British composer Dame Ethel Smyth (1858-1944) was a rulebreaker on more than one score. Suffragist activities landed her in prison in 1912. Her personal affections inclined mostly toward women. And she persisted in a composing career despite gender prejudice resulting in a lack of critical acceptance.
Her late work “The Prison” is all that’s needed to counter the critical disapprobation of her time. The world premiere recording of this superb work is now here to do just that.
A number of her era’s great male composers and conductors knew and respected Smyth. Brahms, one of her compositional idols, is said to have approved of her music but didn’t at first believe a woman had written it. In 1903 she became the first woman to have an opera performed at The Metropolitan Opera in New York.
But, shunted during her lifetime onto a lower shelf reserved for “women composers,” she has not enjoyed the renown her work merits. The Experiential Orchestra and Chorus led by James Blachly has taken a welcome step towards remedying that with the first commercially released recording of “The Prison,” Smyth’s late cantata (I choose that word for convenience – there’s no easy way to classify the work), out Aug. 7 on Chandos.
Blachly spent years preparing for the piece’s U.S. concert premiere, initially working from a handwritten manuscript. Produced by Grammy winners Blanton Alspaugh and Soundmirror, the recording is timed for release on the 100th anniversary of the ratification of the 19th Amendment to the U.S. Constitution, which gave American women the right to vote beginning in 1920.
Smyth was active beginning in the 1870s. She capped a prolific career with “The Prison,” her last major work, in 1929-30. She conducted the premiere the following year, though she was going deaf, at Usher Hall in Edinburgh. Adrian Boult conducted the London premiere five days later. In 1934 Smyth was honored at a festival for her 75th birthday. She couldn’t hear the applause. This recording will earn “The Prison” fresh kudos.
“The Prison” is a good place to start if you’re unfamiliar with Smyth’s music, as I was. This flowing, highly charged performance features soprano Sarah Brailey and Grammy-winning bass-baritone Dashon Burton. Together with the orchestra and chorus they do full justice to the enormous creative power Smyth wielded as her career crested.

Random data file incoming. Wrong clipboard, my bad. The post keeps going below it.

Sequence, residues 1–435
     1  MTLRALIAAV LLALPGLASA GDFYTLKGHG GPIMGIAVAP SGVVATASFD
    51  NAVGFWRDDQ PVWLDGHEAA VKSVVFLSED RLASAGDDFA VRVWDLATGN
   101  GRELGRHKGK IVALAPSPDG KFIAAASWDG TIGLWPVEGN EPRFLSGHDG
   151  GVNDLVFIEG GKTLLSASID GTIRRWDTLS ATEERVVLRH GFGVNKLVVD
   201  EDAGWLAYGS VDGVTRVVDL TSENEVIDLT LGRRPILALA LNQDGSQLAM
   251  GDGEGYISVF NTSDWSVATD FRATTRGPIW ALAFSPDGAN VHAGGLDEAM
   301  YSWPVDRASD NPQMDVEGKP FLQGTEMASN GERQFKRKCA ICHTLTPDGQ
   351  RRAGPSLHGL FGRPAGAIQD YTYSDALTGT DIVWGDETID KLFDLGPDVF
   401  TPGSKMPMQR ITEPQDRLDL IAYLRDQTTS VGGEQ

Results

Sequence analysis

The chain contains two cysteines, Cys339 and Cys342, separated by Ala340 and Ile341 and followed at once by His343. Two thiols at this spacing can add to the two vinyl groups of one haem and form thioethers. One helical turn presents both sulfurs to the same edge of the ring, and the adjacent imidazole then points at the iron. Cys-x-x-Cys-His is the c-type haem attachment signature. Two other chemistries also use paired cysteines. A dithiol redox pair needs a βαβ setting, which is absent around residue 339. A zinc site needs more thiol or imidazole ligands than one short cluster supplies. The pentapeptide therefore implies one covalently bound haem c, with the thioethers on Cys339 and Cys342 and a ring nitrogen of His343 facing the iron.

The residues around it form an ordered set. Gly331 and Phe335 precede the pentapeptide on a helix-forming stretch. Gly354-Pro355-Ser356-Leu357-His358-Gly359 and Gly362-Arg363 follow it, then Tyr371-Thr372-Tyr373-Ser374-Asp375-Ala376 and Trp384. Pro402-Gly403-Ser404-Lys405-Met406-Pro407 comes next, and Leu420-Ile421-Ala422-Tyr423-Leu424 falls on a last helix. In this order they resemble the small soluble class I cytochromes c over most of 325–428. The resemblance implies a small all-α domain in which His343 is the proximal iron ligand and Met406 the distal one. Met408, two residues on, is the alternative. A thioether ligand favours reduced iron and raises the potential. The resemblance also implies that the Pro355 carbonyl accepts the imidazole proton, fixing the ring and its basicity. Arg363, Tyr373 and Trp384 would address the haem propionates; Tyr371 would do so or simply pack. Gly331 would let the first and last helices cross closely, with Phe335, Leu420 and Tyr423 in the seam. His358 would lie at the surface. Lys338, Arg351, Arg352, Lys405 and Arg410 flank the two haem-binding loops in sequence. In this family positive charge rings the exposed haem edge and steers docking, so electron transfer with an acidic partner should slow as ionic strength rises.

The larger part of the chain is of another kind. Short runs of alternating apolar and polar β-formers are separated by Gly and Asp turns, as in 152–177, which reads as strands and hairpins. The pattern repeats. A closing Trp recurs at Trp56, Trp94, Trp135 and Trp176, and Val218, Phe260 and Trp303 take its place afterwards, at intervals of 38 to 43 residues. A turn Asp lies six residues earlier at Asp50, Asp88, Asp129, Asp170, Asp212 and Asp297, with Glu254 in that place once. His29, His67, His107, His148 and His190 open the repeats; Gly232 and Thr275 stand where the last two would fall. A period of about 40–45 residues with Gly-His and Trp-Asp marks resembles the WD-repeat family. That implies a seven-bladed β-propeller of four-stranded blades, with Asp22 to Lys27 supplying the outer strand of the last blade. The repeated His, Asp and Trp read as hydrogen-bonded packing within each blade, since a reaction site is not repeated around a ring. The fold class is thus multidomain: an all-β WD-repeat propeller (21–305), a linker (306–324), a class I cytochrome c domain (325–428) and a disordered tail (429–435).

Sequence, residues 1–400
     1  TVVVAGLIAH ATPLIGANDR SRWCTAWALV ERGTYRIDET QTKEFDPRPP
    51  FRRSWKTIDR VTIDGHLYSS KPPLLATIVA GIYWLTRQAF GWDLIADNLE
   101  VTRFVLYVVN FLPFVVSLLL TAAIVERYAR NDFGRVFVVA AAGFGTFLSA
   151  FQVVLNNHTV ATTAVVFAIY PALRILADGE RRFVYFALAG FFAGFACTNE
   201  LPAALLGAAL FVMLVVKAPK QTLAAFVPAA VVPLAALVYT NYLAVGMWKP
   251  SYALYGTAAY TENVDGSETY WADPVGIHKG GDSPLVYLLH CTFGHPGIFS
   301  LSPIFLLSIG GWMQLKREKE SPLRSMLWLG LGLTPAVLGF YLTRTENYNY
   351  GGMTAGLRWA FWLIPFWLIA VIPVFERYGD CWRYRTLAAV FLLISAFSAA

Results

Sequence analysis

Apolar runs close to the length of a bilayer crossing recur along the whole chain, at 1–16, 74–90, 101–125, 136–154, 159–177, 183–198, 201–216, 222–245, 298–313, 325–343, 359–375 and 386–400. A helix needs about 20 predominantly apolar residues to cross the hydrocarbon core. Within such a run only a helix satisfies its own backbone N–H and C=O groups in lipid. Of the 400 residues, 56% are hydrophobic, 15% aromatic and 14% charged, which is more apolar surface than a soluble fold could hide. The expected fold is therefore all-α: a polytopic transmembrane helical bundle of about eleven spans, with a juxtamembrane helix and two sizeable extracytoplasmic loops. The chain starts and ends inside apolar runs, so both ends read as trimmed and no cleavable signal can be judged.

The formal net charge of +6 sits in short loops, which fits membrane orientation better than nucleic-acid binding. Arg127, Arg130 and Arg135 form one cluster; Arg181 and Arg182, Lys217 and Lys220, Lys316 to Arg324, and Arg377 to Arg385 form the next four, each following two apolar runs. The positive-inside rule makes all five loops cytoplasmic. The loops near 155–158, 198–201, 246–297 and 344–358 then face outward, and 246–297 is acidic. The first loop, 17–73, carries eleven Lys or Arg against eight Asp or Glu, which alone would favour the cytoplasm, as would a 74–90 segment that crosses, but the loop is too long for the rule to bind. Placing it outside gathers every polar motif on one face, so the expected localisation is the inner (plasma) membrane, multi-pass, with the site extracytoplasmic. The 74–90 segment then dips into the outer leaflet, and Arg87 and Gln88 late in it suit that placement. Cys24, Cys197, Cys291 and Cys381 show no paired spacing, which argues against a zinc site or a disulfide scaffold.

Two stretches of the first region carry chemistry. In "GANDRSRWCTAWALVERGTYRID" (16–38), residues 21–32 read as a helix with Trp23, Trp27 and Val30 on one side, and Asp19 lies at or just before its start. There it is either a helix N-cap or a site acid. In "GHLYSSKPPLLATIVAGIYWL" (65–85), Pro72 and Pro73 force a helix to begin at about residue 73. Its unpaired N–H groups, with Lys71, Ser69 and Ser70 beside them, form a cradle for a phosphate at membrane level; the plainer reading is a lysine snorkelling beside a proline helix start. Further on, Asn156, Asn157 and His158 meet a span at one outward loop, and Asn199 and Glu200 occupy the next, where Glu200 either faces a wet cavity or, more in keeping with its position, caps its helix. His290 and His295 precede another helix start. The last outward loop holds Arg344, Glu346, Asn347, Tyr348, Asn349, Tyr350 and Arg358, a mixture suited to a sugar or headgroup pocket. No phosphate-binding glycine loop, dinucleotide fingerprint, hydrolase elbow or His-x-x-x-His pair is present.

Given the struggles she faced and took on during her life, including that stint in jail, it doesn’t seem at all surprising that the text she chose for this grand work – from The Prison, a Dialogue, a philosophical work of fiction by her friend and companion Henry Bennet Brewster – centers on a Prisoner (Burton) and His Soul (Brailey). Movements bear titles like “The Prisoner understands his own immortality” and “He disbands his own ego.” Liz Wood’s valuable notes to the New York premiere in 2018 place the work in the context of the composer’s travels and studies. In one movement, for example, she uses the melody of the ancient Greek Song of Seikilos.
But if the text is cerebral, the music has an epic grandeur. A naturalistic Wagnerian glow underpins a Romantic sensibility. A few passages remind me of the glowing drama of Mendelssohn’s oratorio style. Yet, working with traditional harmonies and under the influence of better-known composers, Smyth crafted an entirely distinct musical world.
Brailey’s golden tone is a perfect instrument for it. In one movement, in a nod toward the modern, Smyth has the soprano soloist sing most of her part on just one note while the orchestra twists intriguing melodies and harmonies around it. Brailey’s performance throughout is one of profound grace, complemented nicely by Burton’s smooth, sensitive and focused portrayal of the Prisoner, who ultimately “disbands his ego” and glories in death’s summons.
After my close listenings, I put the recording on at a low volume on a very modest bluetooth speaker while I was doing something else and so paying only half-attention. Surprisingly, this time a fuller sense of joy seemed to emanate from the speaker, even in darker or more solemn tracts like “The Prisoner asks the secret of emancipation” or “Voices sing the indestructibility of human passions.” As interesting as the music is, it’s also an easy listen, in the best sense of the word.
Yet this consummately crafted music speaks deeply of the ill-ease that Smyth observed and experienced. Some may know of her through her “March of the Women,” which she famously conducted with a toothbrush through the bars of her cell as a chorus of her fellow Suffragettes sang in the prison’s exercise courtyard in 1912. The song was adopted as the official anthem of the Women’s Social and Political Union (WSPU). Women in the UK were more than ready for it.
James Blachly has said that “we believe that the world is finally ready for her music.” I’d counter that the world has long been ready. For the spectacular “The Prison,” a release like this one is way past due.
The world premiere recording of Dame Ethel Smyth’s “The Prison” is out August 7 and available for pre-order now.